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Drug Makers “Transparency” Bandwagon Getting Full

Posted by Jane Akre
Thursday, September 25, 2008 11:57 PM EST
Category: Major Medical, Protecting Your Family
Tags: Conflict-Of-Interest, Eli Lilly, Merck, Pfizer, Johnson & Johnson, Pharmaceutical Companies, Drug Makers, Drug Products, FDA and Prescription Drugs

Many major pharmaceutical companies now say they will disclose payments to doctors as part of transparency.

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IMAGE SOURCE: iStockphoto/ sick money/ author: Elnur

 

Drug maker Eli Lilly on Wednesday became the first drugmaker to announce that it plans to disclose just how much it pays to doctors and researchers for speaking and consulting services.

Not to be outdone,  Merck announced it would disclose physician payments beginning next year in the form of an online database. 

Johnson & Johnson will soon begin telling us how much it spends for professional educational grants, patient-advocacy groups, and charities. AstraZeneca is considering transparency policies.  Pfizer has voted it will disclose too.

Speaking before the Economic Club of Indiana, Lilly’s president and CEO John Lechleiter, PhD, said the company planned to launch an online registry of physician payment in 2009, all part of the company’s “transformation efforts”.

Lilly says it wants to be a leader in improving "transparency" across the industry as a way to build trust with the public.

The companies have pledged their support of the Physician Payments Sunshine Act of 2007 which requires quarterly reporting by every drug, device, or medical supplier of anything of value to a doctor or his employer.

The payment must detail what the compensation is for -  whether a speaking engagement or consulting, for example, and what form the payment takes, such as cash, travel, gifts, or entertainment.

Penalties range from $1,000 for failing to report a payment to an annual cap of $250,000.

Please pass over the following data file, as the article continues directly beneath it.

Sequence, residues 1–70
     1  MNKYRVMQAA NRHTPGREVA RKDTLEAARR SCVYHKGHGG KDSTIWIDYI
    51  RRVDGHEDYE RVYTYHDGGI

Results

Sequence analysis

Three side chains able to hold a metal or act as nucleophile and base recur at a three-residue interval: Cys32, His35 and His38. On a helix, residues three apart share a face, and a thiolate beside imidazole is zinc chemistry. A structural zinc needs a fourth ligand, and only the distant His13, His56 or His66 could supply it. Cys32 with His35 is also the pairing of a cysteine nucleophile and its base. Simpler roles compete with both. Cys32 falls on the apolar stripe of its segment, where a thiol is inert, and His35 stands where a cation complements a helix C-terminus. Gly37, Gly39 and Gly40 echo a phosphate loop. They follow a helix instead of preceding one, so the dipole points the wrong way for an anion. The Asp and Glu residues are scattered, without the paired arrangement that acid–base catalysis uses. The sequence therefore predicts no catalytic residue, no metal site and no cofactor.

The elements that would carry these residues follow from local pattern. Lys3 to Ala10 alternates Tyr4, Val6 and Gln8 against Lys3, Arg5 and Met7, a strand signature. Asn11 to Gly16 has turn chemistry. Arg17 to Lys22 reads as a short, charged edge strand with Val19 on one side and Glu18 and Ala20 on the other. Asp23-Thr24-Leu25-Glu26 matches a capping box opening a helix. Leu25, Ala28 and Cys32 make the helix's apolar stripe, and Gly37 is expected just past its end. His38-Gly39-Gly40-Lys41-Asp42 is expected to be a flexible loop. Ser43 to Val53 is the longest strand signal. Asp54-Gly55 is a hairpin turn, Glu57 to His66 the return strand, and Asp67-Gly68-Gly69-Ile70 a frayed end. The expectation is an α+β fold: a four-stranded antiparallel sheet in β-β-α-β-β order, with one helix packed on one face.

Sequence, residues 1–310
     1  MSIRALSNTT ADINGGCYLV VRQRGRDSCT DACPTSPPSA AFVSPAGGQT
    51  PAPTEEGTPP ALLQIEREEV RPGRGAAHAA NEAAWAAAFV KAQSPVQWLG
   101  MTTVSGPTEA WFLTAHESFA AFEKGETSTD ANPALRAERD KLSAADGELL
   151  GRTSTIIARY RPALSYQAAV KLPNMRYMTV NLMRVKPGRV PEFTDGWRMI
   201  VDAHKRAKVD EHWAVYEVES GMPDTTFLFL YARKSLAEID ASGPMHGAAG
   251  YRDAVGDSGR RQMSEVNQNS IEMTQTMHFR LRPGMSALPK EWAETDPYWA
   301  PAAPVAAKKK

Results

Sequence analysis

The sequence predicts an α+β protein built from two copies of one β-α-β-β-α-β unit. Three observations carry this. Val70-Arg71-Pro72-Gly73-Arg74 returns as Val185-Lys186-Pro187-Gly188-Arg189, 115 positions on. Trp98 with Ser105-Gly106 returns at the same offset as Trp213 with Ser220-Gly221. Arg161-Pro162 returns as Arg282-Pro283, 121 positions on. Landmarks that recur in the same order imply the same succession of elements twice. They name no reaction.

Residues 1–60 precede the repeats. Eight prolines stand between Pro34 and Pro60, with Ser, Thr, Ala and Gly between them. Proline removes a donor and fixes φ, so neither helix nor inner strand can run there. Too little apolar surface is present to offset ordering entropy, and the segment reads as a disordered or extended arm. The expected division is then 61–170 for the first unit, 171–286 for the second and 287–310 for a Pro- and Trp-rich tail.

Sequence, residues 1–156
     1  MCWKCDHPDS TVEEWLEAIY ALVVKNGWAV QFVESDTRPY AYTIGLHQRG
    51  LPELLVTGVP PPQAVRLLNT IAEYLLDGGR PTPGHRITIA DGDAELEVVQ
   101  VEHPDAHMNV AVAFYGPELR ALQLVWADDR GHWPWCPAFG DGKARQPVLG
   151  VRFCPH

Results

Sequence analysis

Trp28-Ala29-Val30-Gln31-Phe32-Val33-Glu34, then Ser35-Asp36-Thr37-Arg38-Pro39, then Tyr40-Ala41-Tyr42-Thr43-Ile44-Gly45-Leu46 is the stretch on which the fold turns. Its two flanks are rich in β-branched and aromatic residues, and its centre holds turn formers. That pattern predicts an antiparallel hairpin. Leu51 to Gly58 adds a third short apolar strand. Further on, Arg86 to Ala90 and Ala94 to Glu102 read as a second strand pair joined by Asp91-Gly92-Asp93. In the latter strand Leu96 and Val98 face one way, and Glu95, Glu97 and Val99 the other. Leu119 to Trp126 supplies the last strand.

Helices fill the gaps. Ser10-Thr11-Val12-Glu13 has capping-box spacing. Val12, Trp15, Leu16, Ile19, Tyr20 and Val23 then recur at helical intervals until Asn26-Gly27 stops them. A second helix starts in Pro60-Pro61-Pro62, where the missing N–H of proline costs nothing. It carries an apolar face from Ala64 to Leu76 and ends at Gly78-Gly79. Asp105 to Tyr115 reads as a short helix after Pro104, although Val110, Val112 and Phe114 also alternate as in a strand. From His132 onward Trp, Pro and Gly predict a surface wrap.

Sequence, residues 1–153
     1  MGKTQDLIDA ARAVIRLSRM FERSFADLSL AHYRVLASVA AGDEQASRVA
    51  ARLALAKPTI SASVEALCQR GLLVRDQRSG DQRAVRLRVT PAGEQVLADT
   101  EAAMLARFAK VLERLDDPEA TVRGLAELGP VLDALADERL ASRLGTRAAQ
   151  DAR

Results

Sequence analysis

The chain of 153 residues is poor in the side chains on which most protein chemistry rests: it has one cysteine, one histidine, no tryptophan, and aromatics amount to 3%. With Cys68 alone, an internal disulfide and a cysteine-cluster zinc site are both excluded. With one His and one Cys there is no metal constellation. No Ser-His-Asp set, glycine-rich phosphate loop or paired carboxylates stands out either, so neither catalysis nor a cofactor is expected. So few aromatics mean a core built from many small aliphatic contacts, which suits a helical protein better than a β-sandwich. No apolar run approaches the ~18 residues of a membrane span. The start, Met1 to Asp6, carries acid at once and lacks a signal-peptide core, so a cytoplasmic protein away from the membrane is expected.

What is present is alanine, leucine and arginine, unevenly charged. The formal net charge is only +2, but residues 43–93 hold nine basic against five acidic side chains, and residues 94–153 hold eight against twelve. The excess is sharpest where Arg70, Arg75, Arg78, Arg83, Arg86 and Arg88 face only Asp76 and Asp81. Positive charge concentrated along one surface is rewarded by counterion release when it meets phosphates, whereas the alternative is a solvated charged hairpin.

The Act would create a national registry of such payments, according to Pharmalot.  The legislation introduced by Sen. Charles Grassley (R-Iowa) and Herbert Kohn (D-Wisconsin) last September has yet to be passed by Congress.

Lilly plans to create an internet database beginning in mid 2009, according  Lechleiter,  but won’t report payments from 2008 or before.  Initially it will report direct payments in 2009, later it will add travel and other perks such as entertainment.

"Lilly is proud of the important and longstanding relationships we have with physicians," Lechleiter said in a statement. "Many physicians perform valuable services for the biopharmaceutical industry by advising us on the development of new medicines and giving lectures to other medical professionals to educate them about new treatment options. For these services, they are compensated at market rates. These services help to advance the science related to medicines and are important to both current and future patients who rely on pharmaceuticals as an integral part of their therapy."

Four states and Washington DC force the disclosure of payments from drug makers to doctors. This does not include payments from device makers.

The aim of disclosure laws is to give consumers the information they need to decide if their doctor might be swayed by the gifts, either by writing more prescriptions, pushing positive findings, or hiding negative ones.

The drug makers sudden urge to disclose comes as they face a federal and state push for some form of disclosure about the financial ties between the pharma industry, doctors, and researchers.

The news about conflict-of-interest has done nothing for the credibility of the industry.  

Senate investigations have found researchers at institutions such as Harvard and the University of Cincinnati failed to report millions they raked in from drug makers.

One doctor from Harvard, Dr. Joseph Biederman, was among three distinguished Harvard University psychiatrists who failed to report over three million dollars in payments they received from drug makers, violating U.S. government and school rules.

Dr. Biederman is known worldwide for his controversial work in researching and promoting antipsychotic medicines such as Strattera, used in the treatment for attention deficit disorder in children.

Hiding these payments makes Grassley think these researchers have something to conceal.

The American Medical Association has agreed to support disclosure laws, but wants the value of the gift to be over $500.

Furious Seasons, a web site written by a journalist who is bi-polar, keeps tabs on Lilly and includes this First Quarter list of individual payment amounts from 2008.

The American Psychiatric Association and Massachusetts General Hospital psychiatry department are at the top of the list of recipients each about $600.000. # 


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